I recently attended a Bob Dylan tribute night that completely changed my perception of the croaky folk hero. Here’s my fly-on-the-wall account of the experience, and my new favourite Dylan song from the night: The audience finally erupted with a stirring ‘Like A Rolling Stone’ encore. It had taken until that point to get an eclectic crowd of young’ns (keen to see their folk-rock-singer-songwriter heroes perform in such a classy venue) and greying parents (still trying to work out which one was the Eskimo man) to really let loose in the rarefied atmosphere of the Opera House Concert Hall. With little in the way of expectations, Josh ‘whimsical’ Pyke, Holly ‘pretty’ Throsby, Patience ‘sassy’ Hodgson, Kevin ‘genuine’ Mitchell and Kav ‘Eskimo’ Temperley had finally brought a little Zimmerman flair to a stage so often reserved for more refined tastes.
It began perhaps as awkwardly as the billing might have suggested. Musical director Ash Naylor and his instrumental assistants – otherwise known as Paul Kelly’s backing band – kicked things off with ‘Quinn The Eskimo.’ Aside from confusing the greying demographic even more (which Eskimo?), the band sounded exactly like what you’d imagine a tribute show band might. For much of the first set, the quartet played capably but demurely, as if out of respect to their symphonic surrounds, and Mitchell’s early threat that ‘things could get sexy’ was never really realised. Instead, a veritable smorgasbord of home-grown talent shuffled on and off the stage, plugging in their respective acoustic guitars. The result was a slightly jarring fan-voted mix of Dylan’s extensive back catalogue as a flawless Throsby and her take on ‘Tomorrow Is Long Time’ was followed by a jumpier Pyke version of ‘Tangled Up In Blue’. Hodgson was unreasonably animated and Mitchell did best at channelling authentic Dylan but the hectic rotation scheme was exhausting. Not even Kav the Eskimo, his tight jeans and Elvis dance moves could save the first set with an impressive rendition of ‘Hurricane’ as musical coherency became the first casualty of the night.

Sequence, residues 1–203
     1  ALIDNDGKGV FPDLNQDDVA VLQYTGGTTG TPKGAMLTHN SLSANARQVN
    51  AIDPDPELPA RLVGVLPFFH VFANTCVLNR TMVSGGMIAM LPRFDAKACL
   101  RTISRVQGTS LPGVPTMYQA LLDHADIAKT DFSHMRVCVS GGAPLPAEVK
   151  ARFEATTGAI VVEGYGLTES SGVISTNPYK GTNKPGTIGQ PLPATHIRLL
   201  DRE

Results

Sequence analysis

You could hardly blame a couple of punters, turned off by the merry-go-round of artists and a band cruising in an Opera House-appropriate safe zone, who left during the 20 minute interval. But somehow, as Hodgson toned down the explosive excitement factor, the band got the memo on Mitchell’s ‘I Want You’ and Kav’s excellent ‘Rainy Day Women #12 & 35’ – now my pick of the catalogue I’m only just discovering – and the faces and styles became increasingly familiar, the night took on an air of proper, immersive tribute. Disjointed solo stints were exchanged for duets and camaraderie. The three others gradually rose to the task to match Kav and Throsby’s obvious early advantage. Lonely wolf whistles were replaced with resounding calls for an encore. To appropriate ‘Blowin’ In The Wind’: How many Australian music icons must a tribute show have, before you can call it a triumph? Five, apparently – and a little warm-up time.
Bob Dylan – Rainy Day Women #12 & 35